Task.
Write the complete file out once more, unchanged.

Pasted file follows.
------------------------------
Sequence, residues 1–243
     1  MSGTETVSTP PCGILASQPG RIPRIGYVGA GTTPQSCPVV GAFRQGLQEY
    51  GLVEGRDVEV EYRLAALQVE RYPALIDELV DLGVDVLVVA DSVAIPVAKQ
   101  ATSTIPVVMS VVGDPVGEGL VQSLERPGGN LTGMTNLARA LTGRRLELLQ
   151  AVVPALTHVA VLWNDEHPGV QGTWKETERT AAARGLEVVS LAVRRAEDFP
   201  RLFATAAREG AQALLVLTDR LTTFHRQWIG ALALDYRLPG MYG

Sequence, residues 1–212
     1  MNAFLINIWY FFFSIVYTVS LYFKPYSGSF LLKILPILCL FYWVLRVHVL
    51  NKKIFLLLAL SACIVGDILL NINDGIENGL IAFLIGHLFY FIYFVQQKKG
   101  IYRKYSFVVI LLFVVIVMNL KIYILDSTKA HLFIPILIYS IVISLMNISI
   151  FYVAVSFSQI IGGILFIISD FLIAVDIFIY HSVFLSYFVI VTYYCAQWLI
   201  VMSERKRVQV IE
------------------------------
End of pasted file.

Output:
Sequence, residues 1–243
     1  MSGTETVSTP PCGILASQPG RIPRIGYVGA GTTPQSCPVV GAFRQGLQEY
    51  GLVEGRDVEV EYRLAALQVE RYPALIDELV DLGVDVLVVA DSVAIPVAKQ
   101  ATSTIPVVMS VVGDPVGEGL VQSLERPGGN LTGMTNLARA LTGRRLELLQ
   151  AVVPALTHVA VLWNDEHPGV QGTWKETERT AAARGLEVVS LAVRRAEDFP
   201  RLFATAAREG AQALLVLTDR LTTFHRQWIG ALALDYRLPG MYG

Sequence, residues 1–212
     1  MNAFLINIWY FFFSIVYTVS LYFKPYSGSF LLKILPILCL FYWVLRVHVL
    51  NKKIFLLLAL SACIVGDILL NINDGIENGL IAFLIGHLFY FIYFVQQKKG
   101  IYRKYSFVVI LLFVVIVMNL KIYILDSTKA HLFIPILIYS IVISLMNISI
   151  FYVAVSFSQI IGGILFIISD FLIAVDIFIY HSVFLSYFVI VTYYCAQWLI
   201  VMSERKRVQV IE